MaxBarry.com
not dead yet

Max Barry wrote the novels Syrup, Jennifer Government, Company, Machine Man, and Lexicon. He also created the game NationStates and once found a sock full of pennies.

  • Syrup: movie tie-in
  • Jennifer Government: US hardback
  • Company: US hardback
  • Syrup: US hardback
  • Jennifer Government: German large paperback
  • Company: US paperback
  • Syrup: US paperback
  • Jennifer Government: Italian paperback
  • Company: German paperback
  • Syrup: Australian paperback (Scribe)
  • Jennifer Government: Spanish paperback
  • Company: Dutch paperback
  • Syrup: Chinese paperback
  • Jennifer Government: Dutch paperback reissue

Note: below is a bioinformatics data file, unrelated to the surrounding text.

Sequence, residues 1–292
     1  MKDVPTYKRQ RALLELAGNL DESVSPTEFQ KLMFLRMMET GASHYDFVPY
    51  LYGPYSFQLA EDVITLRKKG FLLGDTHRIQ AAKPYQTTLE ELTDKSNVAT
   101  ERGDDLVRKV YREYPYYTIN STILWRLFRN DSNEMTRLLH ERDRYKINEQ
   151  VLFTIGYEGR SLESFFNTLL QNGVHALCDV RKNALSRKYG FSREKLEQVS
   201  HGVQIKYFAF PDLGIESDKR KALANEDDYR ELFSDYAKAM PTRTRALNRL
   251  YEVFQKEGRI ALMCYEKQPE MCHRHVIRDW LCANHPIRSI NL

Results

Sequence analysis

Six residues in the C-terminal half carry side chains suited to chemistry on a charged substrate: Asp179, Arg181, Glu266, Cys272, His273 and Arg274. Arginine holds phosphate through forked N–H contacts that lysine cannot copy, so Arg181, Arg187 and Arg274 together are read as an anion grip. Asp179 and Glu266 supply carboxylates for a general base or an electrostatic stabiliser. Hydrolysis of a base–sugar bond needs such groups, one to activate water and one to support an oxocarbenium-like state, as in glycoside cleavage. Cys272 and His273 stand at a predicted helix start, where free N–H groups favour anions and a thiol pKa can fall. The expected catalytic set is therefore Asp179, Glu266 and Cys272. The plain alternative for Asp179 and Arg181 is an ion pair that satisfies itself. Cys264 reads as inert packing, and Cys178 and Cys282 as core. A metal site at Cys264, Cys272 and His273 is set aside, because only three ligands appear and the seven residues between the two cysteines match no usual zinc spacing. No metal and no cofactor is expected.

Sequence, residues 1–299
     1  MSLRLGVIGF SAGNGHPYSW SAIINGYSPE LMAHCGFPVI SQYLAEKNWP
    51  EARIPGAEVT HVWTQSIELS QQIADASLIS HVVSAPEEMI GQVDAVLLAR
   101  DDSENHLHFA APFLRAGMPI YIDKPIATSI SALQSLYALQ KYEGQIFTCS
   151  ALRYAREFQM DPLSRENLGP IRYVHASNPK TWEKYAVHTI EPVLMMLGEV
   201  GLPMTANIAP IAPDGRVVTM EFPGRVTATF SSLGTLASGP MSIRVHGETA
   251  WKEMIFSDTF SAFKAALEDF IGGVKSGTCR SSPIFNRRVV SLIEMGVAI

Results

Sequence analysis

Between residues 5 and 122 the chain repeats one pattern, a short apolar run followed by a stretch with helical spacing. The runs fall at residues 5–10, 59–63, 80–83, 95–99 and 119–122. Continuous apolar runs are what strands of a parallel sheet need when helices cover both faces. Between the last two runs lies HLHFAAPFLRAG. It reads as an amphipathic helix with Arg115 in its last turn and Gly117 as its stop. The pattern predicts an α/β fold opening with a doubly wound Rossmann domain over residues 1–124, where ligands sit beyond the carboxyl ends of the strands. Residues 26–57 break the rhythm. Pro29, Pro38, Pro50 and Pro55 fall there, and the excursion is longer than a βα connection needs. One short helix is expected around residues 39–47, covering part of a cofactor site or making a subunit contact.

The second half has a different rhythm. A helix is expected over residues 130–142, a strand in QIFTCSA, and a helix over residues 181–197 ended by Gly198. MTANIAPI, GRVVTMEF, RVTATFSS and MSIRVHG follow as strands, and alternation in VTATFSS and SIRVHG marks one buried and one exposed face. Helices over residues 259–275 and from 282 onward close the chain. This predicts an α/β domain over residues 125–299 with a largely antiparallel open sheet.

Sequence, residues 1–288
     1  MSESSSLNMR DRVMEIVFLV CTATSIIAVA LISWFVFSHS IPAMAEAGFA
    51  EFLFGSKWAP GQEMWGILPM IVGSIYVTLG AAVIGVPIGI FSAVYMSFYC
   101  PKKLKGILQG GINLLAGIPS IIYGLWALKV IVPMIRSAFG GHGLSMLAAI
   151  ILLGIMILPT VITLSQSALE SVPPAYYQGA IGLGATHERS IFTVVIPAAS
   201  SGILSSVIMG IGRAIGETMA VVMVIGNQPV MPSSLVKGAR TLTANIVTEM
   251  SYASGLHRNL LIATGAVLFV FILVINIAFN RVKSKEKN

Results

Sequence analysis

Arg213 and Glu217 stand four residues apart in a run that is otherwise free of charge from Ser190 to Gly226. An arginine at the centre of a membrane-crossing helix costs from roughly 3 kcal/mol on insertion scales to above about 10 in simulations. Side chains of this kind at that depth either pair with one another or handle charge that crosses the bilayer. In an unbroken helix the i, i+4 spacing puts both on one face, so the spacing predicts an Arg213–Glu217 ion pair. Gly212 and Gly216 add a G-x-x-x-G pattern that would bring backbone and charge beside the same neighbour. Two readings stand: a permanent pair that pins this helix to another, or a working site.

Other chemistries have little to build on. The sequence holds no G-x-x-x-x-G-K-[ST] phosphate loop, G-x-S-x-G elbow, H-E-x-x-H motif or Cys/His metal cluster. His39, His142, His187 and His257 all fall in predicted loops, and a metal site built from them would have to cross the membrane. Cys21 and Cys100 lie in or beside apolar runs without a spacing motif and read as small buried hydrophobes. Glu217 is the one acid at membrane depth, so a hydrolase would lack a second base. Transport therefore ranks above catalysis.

• Company: Brazilian paperback
  • Jennifer Government: Brazilian paperback
  • Company: Polish paperback
  • Syrup: Australian large paperback
  • Jennifer Government: Taiwanese paperback
  • Company: Spanish paperback
  • Syrup: US Audio
  • Jennifer Government: Swedish paperback
  • Syrup: Australian small paperback
  • Jennifer Government: Swedish paperback
  • Syrup: German large paperback
  • Syrup: German small paperback
  • Syrup: French paperback
  • Syrup: Israeli paperback

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Tue 08
Dec
2015

What It’s Like To Run NationStates

What Max Reckons

Hey Max, Could you remove my copyrighted image from the banner on your amphibian distribution page. It is the cool frog you lifted from the cover of the Journal of Biogeography (far right photo in your banner). If you are going to make money from your web site, you should pay the people whose content you steal. Also, that species does not even occur in Brazil.

Thanks,

Elizabeth Everman (the person whose copyright you are violating)